Lost in Conflation

brian williamsPoor Brian Williams. The NBC newsman is being pummeled for having said he was aboard a military helicopter when it was shot down in Iraq in 2003. He has apologized, saying he had been in a different helicopter, behind the one that had been fired upon and, as The New York Times reported, had inadvertently “conflated” the two. The paper wrote, “The explanation earned him not only widespread criticism on radio and TV talk shows, but widespread ridicule on Twitter, under the hashtag ‘#BrianWilliamsMisremembers.’

Similarly, Hilary Clinton was ridiculed after she acknowledged having “misspoken” when she described running across a tarmac to avoid sniper fire upon landing in Bosnia when she was first lady in 1996.hilary clinton

I like Brian Williams and not just because he grew up in New Jersey as I did. And I like Hilary Clinton. I sympathize with both of them for finding themselves lost in conflation. I understand how it can happen. You’re close by a scary event, you realize it could have been you experiencing it and not the people who actually did experience it, and over time you internalize the details so that it becomes, in your mind, something that really happened to you. That’s not the same as lying. As a public figure, you’d have to know that other people were there, and if you were lying, they’d know it. Why would you put yourself in that position?

After more than half a century together, Ed and I share many stories of things we experienced jointly. Frequently, he “misremembers” the details of one event or another. Sometimes I correct him and sometimes I let it go. What difference does it make? And I’m sure he does the same with me when I “misremember” things.

The difference with Brian Williams and Hilary Clinton and other public figures is just that: They are public figures. And they have staffs. Were their staff members so cowed that one could not have taken the boss aside and pointed out the “misremembering” before it became fodder for late night comics?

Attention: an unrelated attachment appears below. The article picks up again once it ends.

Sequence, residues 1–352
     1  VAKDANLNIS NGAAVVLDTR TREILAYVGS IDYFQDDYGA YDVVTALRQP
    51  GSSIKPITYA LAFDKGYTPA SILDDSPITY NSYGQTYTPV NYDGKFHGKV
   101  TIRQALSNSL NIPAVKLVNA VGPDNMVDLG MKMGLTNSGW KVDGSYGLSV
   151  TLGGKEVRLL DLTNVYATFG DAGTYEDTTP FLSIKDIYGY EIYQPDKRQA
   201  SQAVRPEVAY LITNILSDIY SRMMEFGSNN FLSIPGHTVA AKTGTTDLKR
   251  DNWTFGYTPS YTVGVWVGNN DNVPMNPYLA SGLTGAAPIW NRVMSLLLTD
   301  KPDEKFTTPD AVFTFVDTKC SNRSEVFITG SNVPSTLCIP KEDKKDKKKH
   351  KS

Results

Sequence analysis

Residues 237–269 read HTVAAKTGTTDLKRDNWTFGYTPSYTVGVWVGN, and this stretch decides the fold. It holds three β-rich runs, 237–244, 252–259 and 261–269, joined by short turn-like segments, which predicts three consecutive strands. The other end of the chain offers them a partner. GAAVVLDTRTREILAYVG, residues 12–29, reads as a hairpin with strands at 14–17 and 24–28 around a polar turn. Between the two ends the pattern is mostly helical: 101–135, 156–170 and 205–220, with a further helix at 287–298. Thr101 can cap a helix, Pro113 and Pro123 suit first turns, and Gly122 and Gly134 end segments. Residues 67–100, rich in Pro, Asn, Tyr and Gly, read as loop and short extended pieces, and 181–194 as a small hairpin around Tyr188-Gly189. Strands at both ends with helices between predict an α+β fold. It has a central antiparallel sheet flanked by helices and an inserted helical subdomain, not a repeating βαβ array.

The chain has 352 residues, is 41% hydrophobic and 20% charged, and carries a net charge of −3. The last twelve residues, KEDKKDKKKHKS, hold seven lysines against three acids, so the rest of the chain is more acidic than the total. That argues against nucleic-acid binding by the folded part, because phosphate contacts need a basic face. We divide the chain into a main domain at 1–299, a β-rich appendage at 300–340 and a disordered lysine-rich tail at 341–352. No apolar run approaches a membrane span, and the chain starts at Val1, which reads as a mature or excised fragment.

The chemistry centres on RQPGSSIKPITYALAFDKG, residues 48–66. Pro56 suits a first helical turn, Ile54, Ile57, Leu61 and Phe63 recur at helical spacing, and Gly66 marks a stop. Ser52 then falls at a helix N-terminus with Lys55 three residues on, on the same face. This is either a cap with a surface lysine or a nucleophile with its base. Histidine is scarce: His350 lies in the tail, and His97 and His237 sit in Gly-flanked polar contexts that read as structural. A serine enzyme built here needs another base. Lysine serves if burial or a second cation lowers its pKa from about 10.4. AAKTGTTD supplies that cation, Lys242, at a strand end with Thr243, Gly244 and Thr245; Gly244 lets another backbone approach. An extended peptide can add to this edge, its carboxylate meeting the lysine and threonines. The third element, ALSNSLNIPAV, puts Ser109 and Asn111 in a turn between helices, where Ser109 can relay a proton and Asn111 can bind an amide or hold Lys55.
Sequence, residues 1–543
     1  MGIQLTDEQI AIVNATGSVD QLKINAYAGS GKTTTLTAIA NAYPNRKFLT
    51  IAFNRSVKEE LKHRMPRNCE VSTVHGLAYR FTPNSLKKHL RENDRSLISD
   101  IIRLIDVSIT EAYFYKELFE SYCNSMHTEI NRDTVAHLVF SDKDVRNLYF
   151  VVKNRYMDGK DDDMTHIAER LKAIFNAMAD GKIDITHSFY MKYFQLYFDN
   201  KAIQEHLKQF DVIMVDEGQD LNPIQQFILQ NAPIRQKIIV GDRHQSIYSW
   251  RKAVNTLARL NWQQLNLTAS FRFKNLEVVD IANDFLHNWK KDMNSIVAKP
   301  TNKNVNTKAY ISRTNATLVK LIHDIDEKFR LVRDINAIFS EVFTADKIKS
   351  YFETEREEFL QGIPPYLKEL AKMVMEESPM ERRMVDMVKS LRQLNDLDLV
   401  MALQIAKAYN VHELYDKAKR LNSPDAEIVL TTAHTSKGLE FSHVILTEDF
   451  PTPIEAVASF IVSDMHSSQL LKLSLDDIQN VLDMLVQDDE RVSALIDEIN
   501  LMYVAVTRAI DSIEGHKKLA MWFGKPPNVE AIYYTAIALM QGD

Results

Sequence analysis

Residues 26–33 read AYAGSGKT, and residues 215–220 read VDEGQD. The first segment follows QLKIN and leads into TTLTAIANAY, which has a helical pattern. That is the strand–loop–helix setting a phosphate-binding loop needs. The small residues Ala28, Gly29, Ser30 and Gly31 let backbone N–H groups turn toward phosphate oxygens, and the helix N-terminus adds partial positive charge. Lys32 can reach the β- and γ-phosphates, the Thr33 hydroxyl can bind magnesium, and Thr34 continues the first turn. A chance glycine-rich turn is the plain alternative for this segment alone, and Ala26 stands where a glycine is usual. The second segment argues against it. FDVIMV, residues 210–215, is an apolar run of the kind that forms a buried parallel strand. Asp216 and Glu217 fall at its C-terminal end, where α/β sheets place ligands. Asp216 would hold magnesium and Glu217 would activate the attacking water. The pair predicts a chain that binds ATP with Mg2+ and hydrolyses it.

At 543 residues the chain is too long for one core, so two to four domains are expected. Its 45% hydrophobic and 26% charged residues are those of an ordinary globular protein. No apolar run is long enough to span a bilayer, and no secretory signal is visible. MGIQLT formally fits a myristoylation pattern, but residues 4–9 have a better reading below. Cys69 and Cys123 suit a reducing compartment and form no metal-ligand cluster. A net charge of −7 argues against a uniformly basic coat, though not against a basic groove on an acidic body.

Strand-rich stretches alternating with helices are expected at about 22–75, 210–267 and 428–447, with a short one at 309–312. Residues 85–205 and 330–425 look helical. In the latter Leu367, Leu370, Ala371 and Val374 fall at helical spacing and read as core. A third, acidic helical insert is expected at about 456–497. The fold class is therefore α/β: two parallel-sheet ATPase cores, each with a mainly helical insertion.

The last time we were together with both our daughters and their husbands, our older daughter told a story of how she had been destined to be left-handed but that I, being left-handed myself, was determined to try to prevent that, placing items in her right hand and not the left. I had to tell that daughter that that story was not hers; it was her sister’s. I did indeed try to encourage both daughters to have an easier time in life by being right-handed. And the older daughter went along with it. But every time I placed an item in her younger sister’s hand, she’d move it to her left. After many months of this, I gave up. But the older daughter, having heard that story her entire life, had conflated it to be about her. No big deal; it happens. “I’m sorry,” I told that daughter, “but I was there and that’s what I remember.”

But who knows. Maybe I’m the one who “misremembered.”

5 comments on “Lost in Conflation

  1. Roger Keyser says:

    ‘Misremembering’ is an interesting concept. I just Googled it to be sure it is a real word — interesting how much chatter it brings up. I am sure you are right that we all do it, usually innocently, especially on old memories that we often recall. But I especially like your idea to just ignore it. Really, in most cases, what difference does it make? Too often, I tend to be a stickler for details, derailing some great conversation with friends, just to set the record straight. And yes, I could just as well be the one who is misremembering. However, those public figures are different. Their staffs ought to be diligently guarding such public statements, lest they set off a needless firestorm of criticism and accusations.

    • patnieder says:

      Yup. I just can’t imagine staff members allowing that to happen. Similarly, as I wrote, I also can’t imagine smart people knowingly fabricating lies that they have to realize will be debunked eventually.

  2. patnieder says:

    Several commentators have pointed out that TV’s nightly news does not hold the same importance in people’s lives as it once did now that updates come in throughout the day on all manner of devices. (Which is why I watch Rachel Maddow every evening.) To compete, news programs feel the need to become more like entertainment programs. Ironically, at the same time so-called comedy programs like Jon Stewart and John Oliver are taking on more serious subjects. As Alva Noe said on NPR, “Brian Williams is a storyteller, and storytellers can’t resist a good story.”

    For more on this see:

    http://www.npr.org/blogs/13.7/2015/02/06/383975796/getting-caught-up-in-telling-stories?utm_source=npr_email_a_friend&utm_medium=email&utm_conte

    http://www.nytimes.com/2015/02/08/opinion/sunday/maureen-dowd-anchors-aweigh.html?_r=0

  3. Roger Keyser says:

    Thanks for sharing those great links, too. Both articles alerted me to the fact that I probably watch TV network news more for its entertainment value than for factual information. Perhaps it is time to break that habit. I do enjoy watching, but maybe I should join the new generation’s practice. With so many sources continually available for either/both entertainment and factual reporting via social media and the Web, why do I persist in recording and watching multiple nightly TV news shows? I liked Walter Cronkite too, but there was such a high degree of trust back then. Hmmmm.

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